When considering my view on hydrogen in 2022, it’s probably much the same as many others. A game-changing year in policy and investment; a year of more mega-project announcements, more Hydrogen Council members, and more infrastructure roll-out; a year of great sadness that it seemed to take a war in Europe to accelerate the continent’s shift to green energy security.
What I’ve personally found very interesting this year, however, is the evolving narrative in hydrogen and the renewed clarity in the direction of travel ahead – both of which underpin my view on 2023 too.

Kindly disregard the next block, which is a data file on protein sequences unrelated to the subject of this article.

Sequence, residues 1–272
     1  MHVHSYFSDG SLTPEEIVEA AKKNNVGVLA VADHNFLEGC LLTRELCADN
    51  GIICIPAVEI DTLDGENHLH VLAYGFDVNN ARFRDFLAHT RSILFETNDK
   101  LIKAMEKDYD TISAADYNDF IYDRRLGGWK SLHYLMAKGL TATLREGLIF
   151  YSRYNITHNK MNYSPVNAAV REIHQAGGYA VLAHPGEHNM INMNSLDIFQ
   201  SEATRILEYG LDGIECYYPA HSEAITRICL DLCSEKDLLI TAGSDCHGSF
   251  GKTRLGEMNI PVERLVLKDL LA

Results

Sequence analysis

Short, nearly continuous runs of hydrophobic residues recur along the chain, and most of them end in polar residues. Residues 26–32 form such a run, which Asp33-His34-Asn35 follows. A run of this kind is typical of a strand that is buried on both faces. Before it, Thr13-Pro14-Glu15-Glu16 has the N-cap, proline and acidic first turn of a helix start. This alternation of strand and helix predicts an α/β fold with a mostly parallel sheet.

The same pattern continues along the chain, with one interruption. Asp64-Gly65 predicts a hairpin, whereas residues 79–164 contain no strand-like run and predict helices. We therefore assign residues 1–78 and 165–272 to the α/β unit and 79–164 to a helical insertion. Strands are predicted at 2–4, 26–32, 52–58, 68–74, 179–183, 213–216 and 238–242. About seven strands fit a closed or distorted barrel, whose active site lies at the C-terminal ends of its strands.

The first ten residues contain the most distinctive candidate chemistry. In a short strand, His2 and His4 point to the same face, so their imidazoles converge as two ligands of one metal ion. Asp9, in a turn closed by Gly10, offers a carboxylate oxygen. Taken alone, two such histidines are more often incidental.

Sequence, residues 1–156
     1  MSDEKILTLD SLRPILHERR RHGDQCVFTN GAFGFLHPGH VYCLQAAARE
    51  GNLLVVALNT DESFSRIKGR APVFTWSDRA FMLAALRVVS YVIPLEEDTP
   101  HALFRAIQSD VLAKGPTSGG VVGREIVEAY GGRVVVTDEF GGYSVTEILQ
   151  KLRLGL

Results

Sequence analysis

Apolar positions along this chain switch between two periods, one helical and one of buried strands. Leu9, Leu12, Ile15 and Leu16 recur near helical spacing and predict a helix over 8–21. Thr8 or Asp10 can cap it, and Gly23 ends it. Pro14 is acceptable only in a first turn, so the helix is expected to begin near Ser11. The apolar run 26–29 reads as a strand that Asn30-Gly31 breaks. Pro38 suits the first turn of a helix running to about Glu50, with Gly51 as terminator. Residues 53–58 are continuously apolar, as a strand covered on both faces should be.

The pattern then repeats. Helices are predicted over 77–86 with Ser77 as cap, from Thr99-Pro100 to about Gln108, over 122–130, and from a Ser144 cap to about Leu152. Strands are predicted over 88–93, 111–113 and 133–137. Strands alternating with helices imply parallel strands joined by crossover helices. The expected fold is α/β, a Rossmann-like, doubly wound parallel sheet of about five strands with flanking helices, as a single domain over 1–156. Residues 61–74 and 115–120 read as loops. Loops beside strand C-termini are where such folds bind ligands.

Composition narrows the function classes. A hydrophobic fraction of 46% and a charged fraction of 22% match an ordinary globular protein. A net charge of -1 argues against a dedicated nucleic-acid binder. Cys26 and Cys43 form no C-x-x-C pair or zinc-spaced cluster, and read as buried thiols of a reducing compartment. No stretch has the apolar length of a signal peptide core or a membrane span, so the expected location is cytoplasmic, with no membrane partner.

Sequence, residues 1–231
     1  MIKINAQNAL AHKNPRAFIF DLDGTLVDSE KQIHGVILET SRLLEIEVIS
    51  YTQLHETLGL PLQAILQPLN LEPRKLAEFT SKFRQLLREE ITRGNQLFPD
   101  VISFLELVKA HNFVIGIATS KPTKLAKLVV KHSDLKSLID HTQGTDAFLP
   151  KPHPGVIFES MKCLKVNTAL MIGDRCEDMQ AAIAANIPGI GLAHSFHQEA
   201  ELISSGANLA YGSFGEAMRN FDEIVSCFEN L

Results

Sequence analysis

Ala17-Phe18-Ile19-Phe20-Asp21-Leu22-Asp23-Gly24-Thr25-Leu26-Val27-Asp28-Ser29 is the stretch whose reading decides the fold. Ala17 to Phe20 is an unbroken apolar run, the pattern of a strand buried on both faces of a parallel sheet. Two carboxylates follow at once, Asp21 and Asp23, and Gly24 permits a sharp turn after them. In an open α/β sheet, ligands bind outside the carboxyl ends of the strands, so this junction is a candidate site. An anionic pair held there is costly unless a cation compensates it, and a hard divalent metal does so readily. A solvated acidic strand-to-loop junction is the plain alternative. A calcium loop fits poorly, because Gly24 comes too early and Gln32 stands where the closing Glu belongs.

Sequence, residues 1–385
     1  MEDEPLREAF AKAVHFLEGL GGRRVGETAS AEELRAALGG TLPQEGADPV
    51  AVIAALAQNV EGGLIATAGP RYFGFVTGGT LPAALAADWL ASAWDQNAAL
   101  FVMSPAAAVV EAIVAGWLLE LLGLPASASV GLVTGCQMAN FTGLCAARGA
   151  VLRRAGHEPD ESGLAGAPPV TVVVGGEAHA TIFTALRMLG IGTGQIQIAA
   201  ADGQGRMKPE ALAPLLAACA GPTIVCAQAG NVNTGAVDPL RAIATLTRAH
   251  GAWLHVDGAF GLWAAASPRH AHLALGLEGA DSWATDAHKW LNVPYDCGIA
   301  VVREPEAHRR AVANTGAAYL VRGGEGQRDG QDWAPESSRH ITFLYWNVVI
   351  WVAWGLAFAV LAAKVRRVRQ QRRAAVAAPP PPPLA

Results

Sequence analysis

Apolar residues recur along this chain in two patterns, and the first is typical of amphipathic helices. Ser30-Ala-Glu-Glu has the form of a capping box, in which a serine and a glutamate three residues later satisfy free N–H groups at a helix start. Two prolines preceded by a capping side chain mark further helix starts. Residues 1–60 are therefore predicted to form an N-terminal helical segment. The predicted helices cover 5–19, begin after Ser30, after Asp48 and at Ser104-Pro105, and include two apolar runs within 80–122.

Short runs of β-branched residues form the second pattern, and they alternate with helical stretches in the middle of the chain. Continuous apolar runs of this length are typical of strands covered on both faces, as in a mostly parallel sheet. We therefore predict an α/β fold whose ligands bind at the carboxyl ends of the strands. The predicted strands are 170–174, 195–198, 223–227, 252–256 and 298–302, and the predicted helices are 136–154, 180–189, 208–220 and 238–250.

We seem to be re-awakening to the fact that blue hydrogen has a fundamental role to play in this energy transition, and we have to grapple with how we go about that; it’s not something that sits easily for the purist, or those that believe we will become divergent and less urgent by following a twin-track approach. I’ve found it interesting how the narrative has changed in recent months in particular – the term ‘blue’ hydrogen appears to be disappearing into the background as references to ‘low-carbon’ hydrogen come to the fore, and there appears to be a pragmatic concession that this low-carbon hydrogen will be required to get us to that pure play green hydrogen fuelled-future.
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